-Do you generally see the bright side of things? Can you develop more positive mental habits, such as being grateful to others for all of the things they do for you?
-Are there people around you who make you feel good about yourself and who make your life more enjoyable? How can you reduce the number of “downers” who might surround you?

2. Help your clients eliminate noxious toxins from their lives. No, this is not a juice cleanse. You wouldn’t let your clients work out in a littered, filthy, obstacle-filled gym would you? Why let them make resolutions in a mind that’s filled with hindrances, impediments and blockades?

Teach your clients about the value of looking for the good, acting as if it’s already there and thinking better thoughts. “I don’t eat properly and never have” can be changed to “I allow myself to eat properly on a regular basis.” Help your client recognize that, for example, toxic friends, processed foods and negative images oppose the Law of Attraction and impinge on self-efficacy. Instead help your clients see the value in introducing high-end vibrancy enhancers such as uplifting music, happy friends, physical exercise and daily gratitude. This “magnet” helps your clients attract the very kinds of things they want and wish for, all for the greatest good. Ask them to imagine this internal magnet working daily.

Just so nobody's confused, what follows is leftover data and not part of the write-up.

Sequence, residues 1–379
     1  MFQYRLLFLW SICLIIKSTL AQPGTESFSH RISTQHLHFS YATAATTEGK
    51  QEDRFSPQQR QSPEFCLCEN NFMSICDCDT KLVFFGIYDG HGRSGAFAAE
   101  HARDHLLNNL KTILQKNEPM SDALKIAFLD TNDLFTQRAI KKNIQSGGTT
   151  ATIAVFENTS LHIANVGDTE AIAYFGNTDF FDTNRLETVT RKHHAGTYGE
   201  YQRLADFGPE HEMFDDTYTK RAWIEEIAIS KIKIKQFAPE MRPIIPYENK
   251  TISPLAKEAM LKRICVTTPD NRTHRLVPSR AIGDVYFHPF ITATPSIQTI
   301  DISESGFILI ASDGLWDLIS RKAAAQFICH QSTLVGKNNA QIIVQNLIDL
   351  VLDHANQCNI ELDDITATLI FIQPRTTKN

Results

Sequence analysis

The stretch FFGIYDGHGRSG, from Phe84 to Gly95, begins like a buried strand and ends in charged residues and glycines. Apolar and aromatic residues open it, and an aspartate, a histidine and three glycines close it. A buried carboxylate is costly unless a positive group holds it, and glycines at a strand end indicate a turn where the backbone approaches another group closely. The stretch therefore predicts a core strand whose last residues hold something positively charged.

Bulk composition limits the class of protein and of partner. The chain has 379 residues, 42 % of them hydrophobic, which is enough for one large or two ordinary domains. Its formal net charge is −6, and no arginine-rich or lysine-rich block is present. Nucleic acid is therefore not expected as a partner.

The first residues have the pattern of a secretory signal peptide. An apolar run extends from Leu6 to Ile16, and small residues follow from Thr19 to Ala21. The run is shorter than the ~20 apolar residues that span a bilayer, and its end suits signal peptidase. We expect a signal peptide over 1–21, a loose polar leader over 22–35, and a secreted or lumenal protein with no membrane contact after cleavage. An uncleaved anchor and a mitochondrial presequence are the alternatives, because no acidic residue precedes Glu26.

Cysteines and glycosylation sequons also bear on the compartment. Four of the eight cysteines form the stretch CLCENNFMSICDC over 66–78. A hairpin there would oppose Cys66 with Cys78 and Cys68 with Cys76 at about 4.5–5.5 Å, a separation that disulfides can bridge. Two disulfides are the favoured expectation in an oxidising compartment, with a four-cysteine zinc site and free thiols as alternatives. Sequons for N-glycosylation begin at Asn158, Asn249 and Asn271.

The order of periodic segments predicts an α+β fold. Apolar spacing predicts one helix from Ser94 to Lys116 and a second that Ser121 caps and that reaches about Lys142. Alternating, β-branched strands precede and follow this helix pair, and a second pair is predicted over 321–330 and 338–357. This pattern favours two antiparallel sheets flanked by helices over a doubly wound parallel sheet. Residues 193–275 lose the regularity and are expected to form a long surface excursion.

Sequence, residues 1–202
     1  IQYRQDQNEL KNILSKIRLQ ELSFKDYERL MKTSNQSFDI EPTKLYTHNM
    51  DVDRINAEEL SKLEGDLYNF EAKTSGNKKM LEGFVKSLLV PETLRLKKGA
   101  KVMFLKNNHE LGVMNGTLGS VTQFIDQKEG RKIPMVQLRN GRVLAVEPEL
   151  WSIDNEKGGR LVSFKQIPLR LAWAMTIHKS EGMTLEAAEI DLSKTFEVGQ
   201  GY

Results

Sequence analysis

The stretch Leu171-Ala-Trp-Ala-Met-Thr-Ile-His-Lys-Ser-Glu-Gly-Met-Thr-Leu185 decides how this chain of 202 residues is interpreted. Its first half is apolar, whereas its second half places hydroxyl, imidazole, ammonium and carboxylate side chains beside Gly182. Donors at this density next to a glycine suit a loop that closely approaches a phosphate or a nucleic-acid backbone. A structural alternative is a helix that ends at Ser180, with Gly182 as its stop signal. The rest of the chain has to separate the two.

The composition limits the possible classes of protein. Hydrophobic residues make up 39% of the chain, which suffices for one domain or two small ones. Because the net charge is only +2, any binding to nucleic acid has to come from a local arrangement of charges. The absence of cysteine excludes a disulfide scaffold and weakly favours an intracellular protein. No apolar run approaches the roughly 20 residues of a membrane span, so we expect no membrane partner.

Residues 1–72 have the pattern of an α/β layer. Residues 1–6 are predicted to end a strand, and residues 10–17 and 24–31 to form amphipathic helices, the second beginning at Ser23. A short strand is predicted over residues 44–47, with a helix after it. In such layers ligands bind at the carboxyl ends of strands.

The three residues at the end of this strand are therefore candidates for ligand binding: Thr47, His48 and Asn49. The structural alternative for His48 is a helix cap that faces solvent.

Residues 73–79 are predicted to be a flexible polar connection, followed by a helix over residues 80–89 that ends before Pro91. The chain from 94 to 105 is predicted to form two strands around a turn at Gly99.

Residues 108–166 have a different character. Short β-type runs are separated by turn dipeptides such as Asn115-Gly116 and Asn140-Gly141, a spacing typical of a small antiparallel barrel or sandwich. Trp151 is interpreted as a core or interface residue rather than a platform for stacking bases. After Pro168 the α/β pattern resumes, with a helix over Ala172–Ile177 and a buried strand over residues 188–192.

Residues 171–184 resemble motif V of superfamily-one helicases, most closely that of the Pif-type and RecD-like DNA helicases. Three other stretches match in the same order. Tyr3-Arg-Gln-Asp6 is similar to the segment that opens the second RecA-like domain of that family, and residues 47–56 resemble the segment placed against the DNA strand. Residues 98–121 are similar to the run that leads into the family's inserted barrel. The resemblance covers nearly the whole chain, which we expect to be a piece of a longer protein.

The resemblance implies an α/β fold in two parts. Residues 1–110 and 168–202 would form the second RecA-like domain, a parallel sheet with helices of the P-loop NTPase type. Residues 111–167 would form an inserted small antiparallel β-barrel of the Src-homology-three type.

3. Do you ever discuss meditation and visualization with your clients? The most successful folks I know meditate routinely. Professional athletes I coach practice meditation and visualization during practices, before games and before going up to bat or onto the field. They create a direct access to improve motivation and focus, and report rejuvenated empowerment, stress reduction, synchronicities and success. 

Ask if your clients would like to learn a very powerful tool they may have read or heard about. If they give you permission, suggest that they turn off all access to the outside world for about 10 to 15 minutes, sit straight with feet on the floor, take some deep cleansing breaths and simply “be.” They don’t need to “do.” They just need “allow.” Thoughts may enter—teach your clients all they need to do is watch them, not push them out. Simply observe thinking and sensations, and enjoy. These 10 to 15 minutes can become time to power up and really tune into the bigger picture of positive life goals. Seeing achievements as if they are already manifest turbo charges this tool to increase success in lifestyle behavior change. Thinking “I am already grateful for having a healthy body, exercising five times a week, and being in balance with eating, sleeping and thinking in a healthy manner” will help your clients create the abundance for which they are searching. They will no longer be searching and resolving; instead, they will be acting as if they genuinely have accomplished their goals.

Radical? Yes. But so is actually accomplishing resolutions at New Year’s time. Be a source of real behavior change for your clients throughout the year using these techniques from positive psychology, motivational interviewing and cognitive behavior change and reap the rewards with your clients.